Taylor is Robert Gordon, a Broadway producer, who is looking for a star for his upcoming show. Irene Foster (Powell) is Robert's old high school sweetheart, who arrives in New York to look Robert up and ask him for a part in the show. Robert is interested in rekindling their romance but won't put her in the show, believing that grubby, nasty show business is no place for a sweetheart like Irene.
Meanwhile, gossip columnist Bert Keeler, whose editor has been pushing him for more salacious material, starts printing nasty rumors about Gordon, which results in Gordon repeatedly coming over and punching Keeler in the face. Keeler decides to get Gordon back by inventing a fake opera star, "LaBelle Arlette", and pumping her up in his column in order to trick Gordon into trying to hire her.
The second film in an unconnected series of musicals that started with The Broadway Melody and continued with Broadway Melody of 1938 and Broadway Melody of 1940. One of only a few hit films in Jack Benny's career, which mostly stayed confined to television and radio.
- Annual Title: Broadway Melody of 1936, 1938, and 1940.
- The Bore: A man with an encyclopedic knowledge of all the varieties of human snores, who insists on demonstrating them, keeps lurking around Gordon, imagining that his skill will get him into show business. He misses no opportunity to lecture Keeler at length about the various types of snores.
- Cannot Keep a Secret: Dim-witted Snoop blurts out Gordon's difficulties with finding a leading lady, even when he didn't mean to. Later, he stupidly breaks character when pretending to be a French secretary, leading Kitty to figure out that something is up.
- Chekhov's Skill: When challenged to show something that she can do besides dancing, Irene busts out a dead-on impersonation of Katharine Hepburn in Morning Glory. This talent for mimicry serves her well when she assumes the persona of a French opera diva to get a part in Robert's show.
- Disguised in Drag: Bert tries this with Snoop in order to substantiate Arlette, his fake opera singer. Snoop is so unconvincing that they decide to make him fake Arlette's fake secretary instead.
- Have a Gay Old Time: Broadway has "nights that promise gay tomorrow."
- Imagine Spot: Irene, waiting for Robert in the theater where he's rehearsing the show, imagines being a Broadway star. This turns into a full-blown number.
- Line-of-Sight Name: Bert, whipping up a story of a French opera diva on the spur of the moment in order to screw with Robert, is asked for his name. He spots a box of "La Belle Arlette" cigars, and rolls with it.
- Masquerading As the Unseen: Bert has invented a fake French opera diva to screw with Robert, who falls for it, and desperately seeks the non-existent "Arlette" as the star in his show. After Irene finds out that Arlette is fake, she promptly assumes the identity of Arlette, and gets the lead in Robert's show.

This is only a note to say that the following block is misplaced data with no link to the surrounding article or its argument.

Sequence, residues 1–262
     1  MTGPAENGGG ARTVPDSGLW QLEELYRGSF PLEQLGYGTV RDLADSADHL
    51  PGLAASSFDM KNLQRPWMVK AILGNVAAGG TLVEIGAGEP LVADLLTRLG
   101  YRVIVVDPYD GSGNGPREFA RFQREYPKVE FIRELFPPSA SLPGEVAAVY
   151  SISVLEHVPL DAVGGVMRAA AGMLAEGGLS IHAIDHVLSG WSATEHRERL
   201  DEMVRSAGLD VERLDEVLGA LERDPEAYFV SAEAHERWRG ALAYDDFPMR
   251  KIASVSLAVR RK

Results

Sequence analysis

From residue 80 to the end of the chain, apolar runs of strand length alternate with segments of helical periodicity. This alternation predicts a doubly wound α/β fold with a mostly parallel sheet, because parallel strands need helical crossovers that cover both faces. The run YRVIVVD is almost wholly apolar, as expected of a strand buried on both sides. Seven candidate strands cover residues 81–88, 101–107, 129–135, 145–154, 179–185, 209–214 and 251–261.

- Mathematician's Answer: Robert, auditioning chorus girls, asks one how tall she is. She lifts a hand to the top of her head and says "About up to here."
- The Musical Musical: Mostly averted, interestingly, despite the story being about a Broadway producer putting on a show. Only one number, "On a Sunday Afternoon", is staged as part of Gordon's show; all the rest of the numbers pop up outside the show in standard The Musical fashion.
- Next Sunday A.D.: Broadway Melody of 1936 was released in September of 1935.
- No Name Given: That guy who keeps droning on about all the different ways people snore is billed as "The Snorer" in the credits.
- Running Gag: Robert bursting into Bert's office to punch him in the face, that snore guy continually boring Bert to death with his lectures.
- Sex Sells: Keeler's editor, tired of him talking about celebrity babies, orders him to start digging up dirt.
- She Is All Grown Up: Robert cites this as why he didn't recognize Irene; they last saw each other when she was 16 and now she's 22.
- Split Screen: Used for a neat trick in one number in which the dancing girls pass across the center of the screen, and their outfits all change.
- Suspiciously Specific Denial: "Everybody in town thinks you're a heel, but I don't anymore", says Snoop to Bert.
- Title Drop: The film starts with "The Broadway Melody", the song that originated with the first film.
- What the Hell Is That Accent?: Bert in-universe when Snoop demonstrates an atrocious French accent."The other 50 million Frenchmen must be wrong."